Front shovels are primarily used in surface mining excavations. Members of the hydraulic excavator family, front shovels are distinguished from their cousins by a couple of key features: relatively short booms and sticks, and front-facing buckets—hence the alternative name "face shovel."1
Front shovels are also some of the biggest and most powerful pieces of equipment in the world, capable of excavating massive amounts of earth. Common manufacturers include Caterpillar, Hitachi, Komatsu, Liebherr and Terex.
Introduced in 1997, the O&K RH400 is the world's largest front shovel—weighing 1,078 tons, standing 33.4 ft (10.2 m) with a bucket capacity of 58.9 yd3 (45 m3).2 The O&K RH400 was built by the German engineering company Orenstein & Koppel (O&K). The O&K mining assets passed to Terex, then to Bucyrus, which is now part of Caterpillar.3
The RH400 was featured in an episode of the History Channel's Modern Marvels, where it filled a 240-ton truck in less than half a minute.4
The shovel also inspired the Decepticon "Demolisher" featured in the 2009 movie Transformers 2: Revenge of the Fallen. In real life, the RH400 set a production record in the Canadian oil sands, excavating 9000 tons of earth in one hour.5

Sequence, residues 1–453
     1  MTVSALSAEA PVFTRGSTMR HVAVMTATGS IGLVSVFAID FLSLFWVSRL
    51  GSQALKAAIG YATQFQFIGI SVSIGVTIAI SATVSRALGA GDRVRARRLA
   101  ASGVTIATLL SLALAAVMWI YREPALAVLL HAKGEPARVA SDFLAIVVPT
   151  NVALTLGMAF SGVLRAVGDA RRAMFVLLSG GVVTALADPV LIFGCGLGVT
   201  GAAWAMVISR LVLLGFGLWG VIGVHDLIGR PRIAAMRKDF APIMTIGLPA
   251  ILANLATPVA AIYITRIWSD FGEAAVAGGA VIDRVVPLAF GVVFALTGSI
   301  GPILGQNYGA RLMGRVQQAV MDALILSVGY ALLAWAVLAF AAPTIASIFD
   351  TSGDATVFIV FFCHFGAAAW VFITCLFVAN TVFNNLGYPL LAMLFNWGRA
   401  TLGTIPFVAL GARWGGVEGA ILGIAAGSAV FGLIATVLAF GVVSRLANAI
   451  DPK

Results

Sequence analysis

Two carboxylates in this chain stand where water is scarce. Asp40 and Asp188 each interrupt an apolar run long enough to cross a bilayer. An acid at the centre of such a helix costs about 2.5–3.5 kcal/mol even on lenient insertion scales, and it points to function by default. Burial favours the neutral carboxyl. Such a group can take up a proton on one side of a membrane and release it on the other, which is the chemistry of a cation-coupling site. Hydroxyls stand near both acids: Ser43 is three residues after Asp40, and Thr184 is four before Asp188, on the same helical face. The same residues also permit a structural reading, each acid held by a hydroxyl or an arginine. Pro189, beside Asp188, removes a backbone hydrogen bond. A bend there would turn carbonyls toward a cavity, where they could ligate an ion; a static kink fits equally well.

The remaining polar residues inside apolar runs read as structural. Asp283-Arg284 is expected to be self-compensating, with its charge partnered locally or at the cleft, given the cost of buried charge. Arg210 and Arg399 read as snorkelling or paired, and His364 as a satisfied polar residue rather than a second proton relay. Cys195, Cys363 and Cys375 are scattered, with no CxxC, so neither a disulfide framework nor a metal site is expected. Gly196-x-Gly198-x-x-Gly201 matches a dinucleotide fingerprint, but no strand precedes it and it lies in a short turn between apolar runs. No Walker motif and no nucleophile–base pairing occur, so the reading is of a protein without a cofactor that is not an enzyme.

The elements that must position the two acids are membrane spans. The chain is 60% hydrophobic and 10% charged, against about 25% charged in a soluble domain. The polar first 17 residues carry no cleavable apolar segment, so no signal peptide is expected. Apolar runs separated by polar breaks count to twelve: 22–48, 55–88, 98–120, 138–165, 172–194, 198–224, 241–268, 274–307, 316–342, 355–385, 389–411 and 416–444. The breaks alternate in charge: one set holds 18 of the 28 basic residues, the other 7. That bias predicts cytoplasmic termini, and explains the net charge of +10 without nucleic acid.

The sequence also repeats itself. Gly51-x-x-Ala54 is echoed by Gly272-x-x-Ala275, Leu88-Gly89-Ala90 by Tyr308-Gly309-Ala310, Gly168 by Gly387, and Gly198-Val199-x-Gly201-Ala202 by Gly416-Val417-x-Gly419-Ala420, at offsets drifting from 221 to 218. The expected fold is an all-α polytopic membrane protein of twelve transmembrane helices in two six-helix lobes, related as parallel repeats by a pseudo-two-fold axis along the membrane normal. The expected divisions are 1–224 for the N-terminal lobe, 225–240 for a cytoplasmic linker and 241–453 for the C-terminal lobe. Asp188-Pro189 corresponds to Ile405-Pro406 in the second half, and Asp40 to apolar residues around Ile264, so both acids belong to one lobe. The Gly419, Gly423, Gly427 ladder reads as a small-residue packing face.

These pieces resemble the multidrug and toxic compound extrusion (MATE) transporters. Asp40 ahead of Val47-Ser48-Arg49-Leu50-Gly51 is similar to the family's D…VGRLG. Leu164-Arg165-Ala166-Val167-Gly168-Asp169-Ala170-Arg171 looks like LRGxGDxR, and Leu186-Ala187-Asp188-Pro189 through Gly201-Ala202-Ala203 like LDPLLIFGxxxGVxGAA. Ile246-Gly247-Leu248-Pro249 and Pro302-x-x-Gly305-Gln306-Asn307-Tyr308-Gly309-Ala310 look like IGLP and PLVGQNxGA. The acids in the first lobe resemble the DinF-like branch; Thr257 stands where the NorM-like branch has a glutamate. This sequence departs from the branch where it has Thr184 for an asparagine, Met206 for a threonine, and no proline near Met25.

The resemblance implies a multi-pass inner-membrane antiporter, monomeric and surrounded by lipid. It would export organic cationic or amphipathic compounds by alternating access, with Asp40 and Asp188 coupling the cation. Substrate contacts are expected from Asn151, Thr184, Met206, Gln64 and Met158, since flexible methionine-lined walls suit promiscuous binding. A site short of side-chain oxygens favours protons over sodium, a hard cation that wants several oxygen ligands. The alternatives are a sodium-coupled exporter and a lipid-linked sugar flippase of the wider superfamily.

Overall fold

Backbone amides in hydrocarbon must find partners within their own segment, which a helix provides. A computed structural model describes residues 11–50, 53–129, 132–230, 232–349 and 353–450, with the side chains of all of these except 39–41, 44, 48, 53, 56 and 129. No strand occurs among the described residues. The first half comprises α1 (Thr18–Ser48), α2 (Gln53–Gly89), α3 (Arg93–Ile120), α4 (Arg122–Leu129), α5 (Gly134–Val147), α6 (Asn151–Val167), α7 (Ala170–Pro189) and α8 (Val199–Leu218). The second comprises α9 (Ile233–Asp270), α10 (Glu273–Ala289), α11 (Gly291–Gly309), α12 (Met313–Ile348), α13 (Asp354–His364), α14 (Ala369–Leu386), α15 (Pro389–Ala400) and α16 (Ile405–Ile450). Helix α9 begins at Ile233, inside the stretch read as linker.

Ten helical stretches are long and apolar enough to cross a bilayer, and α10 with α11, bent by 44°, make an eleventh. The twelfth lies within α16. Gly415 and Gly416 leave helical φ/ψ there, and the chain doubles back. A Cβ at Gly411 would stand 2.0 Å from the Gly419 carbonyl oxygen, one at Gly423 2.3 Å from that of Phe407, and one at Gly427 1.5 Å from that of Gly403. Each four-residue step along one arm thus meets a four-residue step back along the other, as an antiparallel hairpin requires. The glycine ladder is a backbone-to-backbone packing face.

On December 12, 2012, Ritchie Bros. will sell the 2004 O&K RH200 front shovel pictured above at an auction in Raleigh-Durham, NC. Although smaller than the RH400, the RH200 is no less impressive—standing 28.7 ft from ground to the top of the cab.6
The Raleigh-Durham auction also features two late model Hitachi EX2500-6 front shovels (2009 and 2010), pictured at the top of this article. The EX2500-6 has a maximum bucket capacity of 21.6 yd3 (16.5 m3).7
These front shovels are part of a large consignment of mining and earthmoving equipment from Southern Coal Corp., being sold on December 12 in Raleigh-Durham. Equipment is available for inspection and pickup after purchase at various mine sites in the region. Bids can be placed in person, online or by proxy.